Friedlander once told me that in his view Atget (large camera) and Lartigue (small camera) had together defined the range of photography’s formal potentials, which any subsequent photographer had only to apply to his or her place and time. He said that he found this circumstance liberating, creating a freedom from the obligation to invent. I did not argue with his sweeping indifference to the matter of personal artistic sensibility, but I recognized in it a clue to his own. He elected as the fathers of the modern art of photography two photographers who nominally had not been artists. One was a seasoned professional who worked day in and day out for over three decades; the other was a teenager. Neither had any reason for achieving what he did, except the love of making photographs.
—Peter Galassi, brackets those of the author (Friedlander, 2005, p. 34)
Lee Friedlander, born in 1934, began photographing what he would come to call ‘the American social landscape’ in 1948. His first solo museum exhibition would take place at the George Eastman House in 1963 while still in his 20s. John Szarkowski included his work in the highly influential New Documents exhibition at the Museum of Modern Art in 1967, along with photographs by Diane Arbus and Garry Winogrand. This same museum had begun collecting the artist’s work as early as 1964.
Friedlander’s wry visual wit and complex photographic statements were in a league of their own, even at this early age. He had trained his eye through more than a decade of travel, criss-crossing the continent primarily photographing musicians on assignment—over 100 record albums are graced by a Friedlander portrait, including the likes of Etta James, John Coltrane, Miles Davis and others.
His first monograph, a slim, self-published finger-in-your-eye book titled Self-Portrait (1970), took all of photography’s taboos and up-ended them. The photographer’s shadow, or reflection in a shop window or mirror comprises two-thirds of the book; in the rest he’s dead-pan facing the camera or obscured by something between himself and the lens. The overwhelming sense from this book is that, in bringing these works together, Friedlander is having an immense amount of fun running contrary to all prevailing notions of proper photographic practice. From that point forward, he never lets up:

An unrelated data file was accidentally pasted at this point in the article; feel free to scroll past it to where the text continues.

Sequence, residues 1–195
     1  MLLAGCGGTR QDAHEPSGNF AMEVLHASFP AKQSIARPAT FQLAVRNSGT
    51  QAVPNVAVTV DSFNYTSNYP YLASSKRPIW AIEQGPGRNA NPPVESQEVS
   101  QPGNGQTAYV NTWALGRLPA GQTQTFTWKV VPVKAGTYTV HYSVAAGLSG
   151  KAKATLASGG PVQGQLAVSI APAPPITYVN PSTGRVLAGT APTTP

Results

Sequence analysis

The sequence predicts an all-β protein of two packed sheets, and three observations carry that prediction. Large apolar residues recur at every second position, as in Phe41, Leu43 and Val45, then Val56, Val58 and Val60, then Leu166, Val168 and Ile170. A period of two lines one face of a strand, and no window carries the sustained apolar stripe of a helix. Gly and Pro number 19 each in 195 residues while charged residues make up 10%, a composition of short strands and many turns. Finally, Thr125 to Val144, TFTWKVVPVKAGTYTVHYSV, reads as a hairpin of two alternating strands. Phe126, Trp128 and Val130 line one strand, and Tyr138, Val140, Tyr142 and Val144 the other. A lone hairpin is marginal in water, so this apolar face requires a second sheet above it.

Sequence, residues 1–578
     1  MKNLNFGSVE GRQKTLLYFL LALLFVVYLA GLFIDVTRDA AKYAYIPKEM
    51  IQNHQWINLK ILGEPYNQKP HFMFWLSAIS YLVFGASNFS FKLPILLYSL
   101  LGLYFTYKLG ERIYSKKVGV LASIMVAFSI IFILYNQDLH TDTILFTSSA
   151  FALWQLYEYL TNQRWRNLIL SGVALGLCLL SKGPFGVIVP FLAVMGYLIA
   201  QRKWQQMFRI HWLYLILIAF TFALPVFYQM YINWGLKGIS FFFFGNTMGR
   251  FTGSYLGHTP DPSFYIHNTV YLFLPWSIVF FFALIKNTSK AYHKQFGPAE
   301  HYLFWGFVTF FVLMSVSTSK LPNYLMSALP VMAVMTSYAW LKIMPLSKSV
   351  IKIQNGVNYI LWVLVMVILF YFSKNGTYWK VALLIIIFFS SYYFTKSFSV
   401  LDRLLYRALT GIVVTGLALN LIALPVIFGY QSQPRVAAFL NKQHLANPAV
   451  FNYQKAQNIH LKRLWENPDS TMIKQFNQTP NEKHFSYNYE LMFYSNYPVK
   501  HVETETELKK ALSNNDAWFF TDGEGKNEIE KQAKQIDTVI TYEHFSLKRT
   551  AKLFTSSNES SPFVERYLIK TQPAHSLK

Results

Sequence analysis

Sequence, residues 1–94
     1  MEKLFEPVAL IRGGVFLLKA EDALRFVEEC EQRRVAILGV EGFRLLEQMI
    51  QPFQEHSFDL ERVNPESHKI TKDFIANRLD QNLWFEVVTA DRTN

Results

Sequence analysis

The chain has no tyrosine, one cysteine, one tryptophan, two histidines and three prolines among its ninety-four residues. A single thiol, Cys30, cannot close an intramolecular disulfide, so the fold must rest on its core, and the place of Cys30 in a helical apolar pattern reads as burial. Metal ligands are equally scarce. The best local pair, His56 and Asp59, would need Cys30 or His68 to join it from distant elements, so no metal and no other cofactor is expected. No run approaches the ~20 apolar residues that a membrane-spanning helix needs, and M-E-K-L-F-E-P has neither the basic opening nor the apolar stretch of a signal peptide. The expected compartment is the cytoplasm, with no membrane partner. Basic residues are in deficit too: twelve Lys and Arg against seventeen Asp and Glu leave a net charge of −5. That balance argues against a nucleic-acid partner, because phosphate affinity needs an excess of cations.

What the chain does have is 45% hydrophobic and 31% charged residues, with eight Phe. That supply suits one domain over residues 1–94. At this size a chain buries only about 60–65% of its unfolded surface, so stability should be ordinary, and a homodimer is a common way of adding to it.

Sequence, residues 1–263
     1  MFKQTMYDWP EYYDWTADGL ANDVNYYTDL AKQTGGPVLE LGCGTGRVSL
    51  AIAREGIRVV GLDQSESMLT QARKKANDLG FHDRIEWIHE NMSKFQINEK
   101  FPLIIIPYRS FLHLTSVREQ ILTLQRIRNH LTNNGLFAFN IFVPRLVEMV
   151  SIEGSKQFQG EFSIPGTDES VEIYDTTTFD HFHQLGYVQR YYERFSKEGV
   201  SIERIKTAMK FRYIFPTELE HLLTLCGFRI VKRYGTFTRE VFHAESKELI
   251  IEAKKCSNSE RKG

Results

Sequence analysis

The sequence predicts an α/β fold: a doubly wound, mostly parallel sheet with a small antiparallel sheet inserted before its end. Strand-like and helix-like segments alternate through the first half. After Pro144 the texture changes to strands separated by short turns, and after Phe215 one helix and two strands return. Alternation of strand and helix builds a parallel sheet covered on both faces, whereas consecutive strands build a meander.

‘Friedlander’s expanded sense of photography’s possibilities would unfold richly over the next two decades [from 1970 forward]. An established and ever more efficient routine of darkroom work collaborated with his growing freedom from commercial assignments to yield a steadily rising output… The first great expression of the new grace and amplitude of Friedlander’s work was the personal project that would yield his second solo book, The American Monument, which appeared in 1976. As with the earlier Self Portrait and many future projects, Friedlander had begun working on this one before he realized the fact. Noticing that monuments of various kinds cropped up here and there in his contact sheets, he decided to pursue the theme in earnest.’ (Peter Galassi, Friedlander, The Museum of Modern Art, 2005, p. 51)
An early print of a key image in The American Monument project is offered here. It is a photograph of a bronze sculpture of Father Duffy which stands dwarfed amidst the cacophony that is Times Square. Physically surrounded by a black fence while visually engulfed by an unyielding urban geometry of buildings and wires, billboards, typography and signage, this monument to a WWI cleric is lost amidst the gray-scale chaos. This image graced the cover of the 2005 Museum of Modern Art retrospective exhibition catalogue.
Aware of the long-lasting power of the photobook, Friedlander has published over 50 titles in as many years, including his highly-influential first monograph, Self-Portrait (1970). Other important volumes include The American Monument (1976), Flowers and Trees (1981), Like a One-Eyed Cat (1989), Letters From the People (1993), American Musicians (1998), The Little Screens (2001), Sticks and Stones (2004), and Friedlander, the catalogue to the 2005 retrospective exhibition of his work curated by Peter Galassi at The Museum of Modern Art, New York.